One of the most high profile members of the Welsh Parliament has hit back at calls from the controlling Labour and Plaid Cymru administration for rent controls throughout Wales.
Janet Finch-Saunders - the Shadow Minister for Climate Change, a portfolio which includes housing - is criticising a deal made over the winter between Welsh Labour and Plaid Cymru which includes “immediate and radical action” to tackle housing issues.
Finch-Saunders says: “We need a realistic and supportive approach towards the private rental market. Welsh Labour policy threatens a state-sanctioned rent increase which could make the Welsh rental market unbearable for thousands of families across Wales.
“Rent controls have been proven time and time again to not only be ineffective at combatting the issue of affordability, but to have actually been detrimental to the housing market.
“On top of the mountain of existing legislation, further excessive state intervention could lead to landlords being forced out of the sector, resulting in a decrease in the supply of rental homes for those who cannot or are not looking to buy.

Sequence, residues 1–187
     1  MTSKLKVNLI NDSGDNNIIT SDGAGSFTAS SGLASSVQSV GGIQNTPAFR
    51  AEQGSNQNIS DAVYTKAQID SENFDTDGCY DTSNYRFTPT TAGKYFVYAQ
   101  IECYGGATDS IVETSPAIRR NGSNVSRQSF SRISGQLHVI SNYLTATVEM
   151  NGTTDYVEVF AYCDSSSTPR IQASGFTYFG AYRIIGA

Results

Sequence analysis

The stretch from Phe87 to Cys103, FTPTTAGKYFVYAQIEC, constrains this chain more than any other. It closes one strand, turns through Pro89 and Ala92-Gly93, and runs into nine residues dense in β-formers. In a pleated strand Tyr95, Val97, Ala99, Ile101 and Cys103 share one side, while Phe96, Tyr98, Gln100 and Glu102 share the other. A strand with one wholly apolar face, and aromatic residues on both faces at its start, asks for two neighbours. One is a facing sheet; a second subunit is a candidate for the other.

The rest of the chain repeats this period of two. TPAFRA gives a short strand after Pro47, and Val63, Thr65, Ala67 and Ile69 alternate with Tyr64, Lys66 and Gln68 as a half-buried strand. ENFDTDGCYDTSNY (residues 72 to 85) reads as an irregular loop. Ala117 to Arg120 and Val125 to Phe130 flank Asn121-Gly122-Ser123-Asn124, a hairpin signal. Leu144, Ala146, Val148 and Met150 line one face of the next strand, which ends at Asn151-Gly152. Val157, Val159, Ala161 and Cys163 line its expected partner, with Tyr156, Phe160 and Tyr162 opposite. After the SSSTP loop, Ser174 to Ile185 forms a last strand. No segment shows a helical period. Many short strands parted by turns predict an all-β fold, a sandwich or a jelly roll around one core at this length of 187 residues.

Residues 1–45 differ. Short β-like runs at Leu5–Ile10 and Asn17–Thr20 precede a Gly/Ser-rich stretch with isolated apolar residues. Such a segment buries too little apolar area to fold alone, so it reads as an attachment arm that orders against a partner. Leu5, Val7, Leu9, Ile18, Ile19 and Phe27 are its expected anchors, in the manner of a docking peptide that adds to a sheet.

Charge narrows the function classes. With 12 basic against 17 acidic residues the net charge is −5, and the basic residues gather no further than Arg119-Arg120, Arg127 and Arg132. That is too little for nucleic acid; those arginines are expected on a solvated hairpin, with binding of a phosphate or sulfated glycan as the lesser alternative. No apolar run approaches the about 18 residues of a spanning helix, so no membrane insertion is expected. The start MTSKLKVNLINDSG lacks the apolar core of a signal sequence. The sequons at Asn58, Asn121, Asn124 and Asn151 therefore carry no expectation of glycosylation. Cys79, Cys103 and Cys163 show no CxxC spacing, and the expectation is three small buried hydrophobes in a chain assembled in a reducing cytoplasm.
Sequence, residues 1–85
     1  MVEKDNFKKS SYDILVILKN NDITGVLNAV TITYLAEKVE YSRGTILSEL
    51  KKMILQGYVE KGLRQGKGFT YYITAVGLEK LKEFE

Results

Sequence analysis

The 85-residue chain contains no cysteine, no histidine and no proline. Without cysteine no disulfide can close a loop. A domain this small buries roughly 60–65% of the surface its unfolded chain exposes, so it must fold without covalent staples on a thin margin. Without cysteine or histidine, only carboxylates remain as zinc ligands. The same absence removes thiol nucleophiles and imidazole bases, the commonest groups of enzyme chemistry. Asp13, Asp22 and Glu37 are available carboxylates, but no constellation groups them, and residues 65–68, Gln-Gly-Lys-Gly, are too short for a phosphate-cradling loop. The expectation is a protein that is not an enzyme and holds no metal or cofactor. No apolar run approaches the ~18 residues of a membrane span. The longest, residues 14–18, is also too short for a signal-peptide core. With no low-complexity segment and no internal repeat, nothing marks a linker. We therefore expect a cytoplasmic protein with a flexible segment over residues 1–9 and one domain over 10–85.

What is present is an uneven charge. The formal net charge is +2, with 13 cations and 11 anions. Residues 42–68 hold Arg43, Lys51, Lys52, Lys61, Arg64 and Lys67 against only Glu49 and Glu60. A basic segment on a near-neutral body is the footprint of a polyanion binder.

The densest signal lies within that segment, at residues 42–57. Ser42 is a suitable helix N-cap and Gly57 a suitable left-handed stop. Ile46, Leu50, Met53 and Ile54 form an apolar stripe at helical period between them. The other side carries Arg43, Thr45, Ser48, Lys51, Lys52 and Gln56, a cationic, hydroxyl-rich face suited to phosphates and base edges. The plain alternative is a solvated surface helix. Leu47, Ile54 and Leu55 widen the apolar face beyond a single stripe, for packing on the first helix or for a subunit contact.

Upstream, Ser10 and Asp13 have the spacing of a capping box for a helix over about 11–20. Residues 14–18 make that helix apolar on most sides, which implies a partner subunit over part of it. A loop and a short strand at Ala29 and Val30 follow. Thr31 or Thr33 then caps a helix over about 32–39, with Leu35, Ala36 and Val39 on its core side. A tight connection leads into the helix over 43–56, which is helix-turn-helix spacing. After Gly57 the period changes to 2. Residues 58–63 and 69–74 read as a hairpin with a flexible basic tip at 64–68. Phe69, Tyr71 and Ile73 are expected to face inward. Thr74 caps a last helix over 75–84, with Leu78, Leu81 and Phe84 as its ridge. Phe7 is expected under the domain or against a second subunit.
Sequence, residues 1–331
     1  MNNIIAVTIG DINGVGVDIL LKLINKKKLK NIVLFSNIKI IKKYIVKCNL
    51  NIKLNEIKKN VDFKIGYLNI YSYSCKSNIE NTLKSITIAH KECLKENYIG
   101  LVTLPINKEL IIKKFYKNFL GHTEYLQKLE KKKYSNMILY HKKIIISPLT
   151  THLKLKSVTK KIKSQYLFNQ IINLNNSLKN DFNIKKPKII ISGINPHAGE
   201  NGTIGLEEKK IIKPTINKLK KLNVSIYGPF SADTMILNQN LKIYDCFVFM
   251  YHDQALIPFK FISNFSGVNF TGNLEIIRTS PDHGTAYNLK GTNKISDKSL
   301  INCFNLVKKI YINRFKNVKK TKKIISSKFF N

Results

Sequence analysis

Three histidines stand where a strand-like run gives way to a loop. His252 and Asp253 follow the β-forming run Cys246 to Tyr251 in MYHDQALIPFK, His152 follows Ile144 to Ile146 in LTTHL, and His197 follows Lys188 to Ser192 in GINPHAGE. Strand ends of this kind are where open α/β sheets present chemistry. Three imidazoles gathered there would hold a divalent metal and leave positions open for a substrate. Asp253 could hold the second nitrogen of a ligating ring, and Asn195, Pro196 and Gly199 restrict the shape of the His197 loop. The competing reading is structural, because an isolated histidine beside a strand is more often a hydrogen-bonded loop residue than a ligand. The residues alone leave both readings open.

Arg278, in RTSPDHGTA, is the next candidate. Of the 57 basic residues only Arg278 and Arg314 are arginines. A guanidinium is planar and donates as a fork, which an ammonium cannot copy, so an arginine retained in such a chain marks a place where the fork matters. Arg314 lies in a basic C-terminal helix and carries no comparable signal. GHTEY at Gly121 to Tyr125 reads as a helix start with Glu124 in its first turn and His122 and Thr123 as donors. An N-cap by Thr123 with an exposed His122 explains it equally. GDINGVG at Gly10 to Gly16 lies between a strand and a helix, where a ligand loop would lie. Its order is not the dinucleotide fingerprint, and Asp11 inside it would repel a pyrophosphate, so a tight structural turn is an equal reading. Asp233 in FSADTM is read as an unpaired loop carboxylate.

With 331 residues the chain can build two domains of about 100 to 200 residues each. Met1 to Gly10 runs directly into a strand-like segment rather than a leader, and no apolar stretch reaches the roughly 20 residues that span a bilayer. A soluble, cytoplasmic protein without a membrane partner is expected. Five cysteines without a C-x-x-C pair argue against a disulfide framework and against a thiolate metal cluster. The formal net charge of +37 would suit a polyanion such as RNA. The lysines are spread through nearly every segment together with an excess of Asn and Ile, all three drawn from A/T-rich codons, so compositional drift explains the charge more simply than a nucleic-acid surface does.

“Case studies from around the world demonstrate the damaging effects that the introduction of rent controls can have. Look at San Francisco where the housing supply fell by 15 per cent, while in Berlin rent shot up by almost 10 per cent between 2015 and 2017 following the introduction of rent controls.”
A prominent Labour member of the Welsh Parliament, Carolyn Thomas, has recently written of her support for rent controls.
In The National newspaper she’s written: “I have long supported rent controls and I will back any move which seeks to address the poverty caused by unreasonable rent increases.
“The UK housing market is out of control – houses are viewed as financial investments and assets, instead of a home which puts a roof over somebody’s head. The rapid and unsustainable growth of a class of buy to let landlords since the 1980s has undone much of the progress in the conditions of tenants, as well as driving an explosion in house prices.
“People who, 40 years ago, would have either bought a home or lived in a secure and affordable council house, are forced into a private sector that works for profiteers, not ordinary people.
“In turn, tenants are increasingly forced into poverty because of the proportion of their income that goes on soaring rents, sometimes for houses that are barely fit for human habitation.”